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Re: Call for Closure - HTTP response version

From: Roy T. Fielding <fielding@liege.ICS.UCI.EDU>
Date: Wed, 15 Jan 1997 01:15:02 -0800
To: John Franks <john@math.nwu.edu>
cc: http-wg@cuckoo.hpl.hp.com, www-talk@www10.w3.org
Message-ID: <9701150108.aa19679@paris.ics.uci.edu>
> This only confuses me more.  Is there anything in the spec which
> suggests this asymmetry in HTTP version for client and server?
> Are you really suggesting that an HTTP/1.1 server must always give
> the 1.1 version header to "advertise its capabilities", but that a
> client might normally lie on its first transaction to "test the 
> waters"?   Presumably if the client finds it is talking to a 1.0
> server it will continue to lie about its capabilities.

There is asymmetry -- only the client can send the request,
and thus initiate communication.  There is no asymmetry in terms of the
versioning requirements, since both sides SHOULD send the highest
minor version supported.  The above is not intended to be a "normal"
procedure.  Nevertheless, it works if and only if the server does not
mimick the client version.

> As I read the spec, whatever the client can do with the version
> header the server can also do.  This makes the scenario you suggest
> quite problematic.  If a 1.1 client "tests the water" with a 
> 1.0 version header and a 1.1 server sends a 1.0 version number to
> 1.0 clients then when that client and server communicate they will 
> never make use of 1.1 features.

Correct, which is why it says "SHOULD" instead of "MAY".

> There are two quite distinct pieces of information that in principle
> might be conveyed by a version header: 1) the capabilities of the
> server which are available for future transactions, and 2) the
> capabilities actually used in this transaction.  Blurring the
> distinction between the two is the cause of all the difficulty with
> the version header in the current spec.  The spec can say the header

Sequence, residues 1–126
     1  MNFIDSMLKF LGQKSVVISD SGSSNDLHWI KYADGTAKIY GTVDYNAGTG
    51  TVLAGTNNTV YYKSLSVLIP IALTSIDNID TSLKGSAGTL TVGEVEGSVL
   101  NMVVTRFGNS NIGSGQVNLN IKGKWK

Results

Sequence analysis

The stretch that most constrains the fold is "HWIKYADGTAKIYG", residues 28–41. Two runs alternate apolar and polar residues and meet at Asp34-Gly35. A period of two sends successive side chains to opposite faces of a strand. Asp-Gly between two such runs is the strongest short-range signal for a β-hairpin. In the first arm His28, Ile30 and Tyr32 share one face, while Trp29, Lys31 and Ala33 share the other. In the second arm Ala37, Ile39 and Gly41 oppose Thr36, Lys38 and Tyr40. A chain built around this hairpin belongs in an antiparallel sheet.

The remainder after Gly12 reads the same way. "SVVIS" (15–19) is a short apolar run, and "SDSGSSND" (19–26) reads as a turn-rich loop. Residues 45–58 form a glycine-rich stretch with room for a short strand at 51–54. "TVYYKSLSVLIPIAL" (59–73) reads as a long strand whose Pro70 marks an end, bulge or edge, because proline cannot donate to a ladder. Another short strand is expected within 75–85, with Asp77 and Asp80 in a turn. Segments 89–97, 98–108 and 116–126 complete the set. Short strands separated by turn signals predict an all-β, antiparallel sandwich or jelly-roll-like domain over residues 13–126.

> reflects 1) or it reflects 2), but it should not say there is no
> difference between the two, or the differences are irrelevant.

The capabilities used in the transaction are not defined by any
version number.  All HTTP/1.1 header fields are valid HTTP/1.0 header
fields, and thus HTTP/1.0 capabilities.  There is no mechanism for tracking
individual extensions because attempting to do so would increase the
bytes sent to an unacceptable degree.  The only thing that matters is
whether or not the recipient will understand a particular extension,
which is what you get in the minor version number to the extent that
the specification requires such understanding.  Whether or not the message
contains extensions that were first well-defined in HTTP/1.1 is simply
not relevant to understanding the content of the message.

> A well designed 1.1 server will not simply send 1.1 transactions to
> 1.0 clients under the assumption that the client will ignore headers
> it does not understand.  Instead a good 1.1 server will attempt to
> simulate the 1.1 functionality to the extent possible.  It might,
> for example, replace ETag with a Last-Modified-Date or 
> Cache-control: max-age with Expires.  In short, it will craft 1.0
> headers to do the best it can.  

On the contrary, it will send both in the HTTP/1.1 response.  There is
absolutely no reason for an HTTP/1.0 client not to implement Cache-Control
and the functionality that uses Etag values.

 ......Roy
Received on Wednesday, 15 January 1997 04:19:49 GMT

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